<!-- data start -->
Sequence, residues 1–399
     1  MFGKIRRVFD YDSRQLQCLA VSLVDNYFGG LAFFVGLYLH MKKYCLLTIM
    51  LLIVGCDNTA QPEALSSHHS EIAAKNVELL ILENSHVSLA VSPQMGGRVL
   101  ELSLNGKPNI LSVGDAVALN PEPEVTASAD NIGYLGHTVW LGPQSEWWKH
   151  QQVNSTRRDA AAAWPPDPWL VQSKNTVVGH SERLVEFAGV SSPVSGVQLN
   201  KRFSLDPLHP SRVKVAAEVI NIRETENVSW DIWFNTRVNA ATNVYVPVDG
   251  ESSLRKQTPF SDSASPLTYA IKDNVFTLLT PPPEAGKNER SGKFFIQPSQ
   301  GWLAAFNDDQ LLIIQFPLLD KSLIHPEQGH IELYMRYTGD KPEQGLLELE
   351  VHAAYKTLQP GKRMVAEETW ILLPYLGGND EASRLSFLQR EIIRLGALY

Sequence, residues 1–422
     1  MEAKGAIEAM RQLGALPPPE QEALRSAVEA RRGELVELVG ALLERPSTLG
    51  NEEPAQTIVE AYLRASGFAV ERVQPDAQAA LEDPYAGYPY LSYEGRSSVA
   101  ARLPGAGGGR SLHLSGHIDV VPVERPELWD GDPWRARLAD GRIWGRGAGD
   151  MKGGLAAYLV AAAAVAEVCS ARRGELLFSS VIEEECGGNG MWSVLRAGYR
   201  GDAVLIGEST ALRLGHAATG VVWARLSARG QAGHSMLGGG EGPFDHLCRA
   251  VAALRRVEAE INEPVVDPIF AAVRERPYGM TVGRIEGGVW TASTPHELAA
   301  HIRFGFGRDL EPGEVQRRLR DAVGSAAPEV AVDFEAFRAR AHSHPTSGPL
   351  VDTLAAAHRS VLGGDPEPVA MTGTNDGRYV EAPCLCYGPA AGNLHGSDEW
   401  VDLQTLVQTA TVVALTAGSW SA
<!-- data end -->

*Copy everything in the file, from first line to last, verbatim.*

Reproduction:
Sequence, residues 1–399
     1  MFGKIRRVFD YDSRQLQCLA VSLVDNYFGG LAFFVGLYLH MKKYCLLTIM
    51  LLIVGCDNTA QPEALSSHHS EIAAKNVELL ILENSHVSLA VSPQMGGRVL
   101  ELSLNGKPNI LSVGDAVALN PEPEVTASAD NIGYLGHTVW LGPQSEWWKH
   151  QQVNSTRRDA AAAWPPDPWL VQSKNTVVGH SERLVEFAGV SSPVSGVQLN
   201  KRFSLDPLHP SRVKVAAEVI NIRETENVSW DIWFNTRVNA ATNVYVPVDG
   251  ESSLRKQTPF SDSASPLTYA IKDNVFTLLT PPPEAGKNER SGKFFIQPSQ
   301  GWLAAFNDDQ LLIIQFPLLD KSLIHPEQGH IELYMRYTGD KPEQGLLELE
   351  VHAAYKTLQP GKRMVAEETW ILLPYLGGND EASRLSFLQR EIIRLGALY

Sequence, residues 1–422
     1  MEAKGAIEAM RQLGALPPPE QEALRSAVEA RRGELVELVG ALLERPSTLG
    51  NEEPAQTIVE AYLRASGFAV ERVQPDAQAA LEDPYAGYPY LSYEGRSSVA
   101  ARLPGAGGGR SLHLSGHIDV VPVERPELWD GDPWRARLAD GRIWGRGAGD
   151  MKGGLAAYLV AAAAVAEVCS ARRGELLFSS VIEEECGGNG MWSVLRAGYR
   201  GDAVLIGEST ALRLGHAATG VVWARLSARG QAGHSMLGGG EGPFDHLCRA
   251  VAALRRVEAE INEPVVDPIF AAVRERPYGM TVGRIEGGVW TASTPHELAA
   301  HIRFGFGRDL EPGEVQRRLR DAVGSAAPEV AVDFEAFRAR AHSHPTSGPL
   351  VDTLAAAHRS VLGGDPEPVA MTGTNDGRYV EAPCLCYGPA AGNLHGSDEW
   401  VDLQTLVQTA TVVALTAGSW SA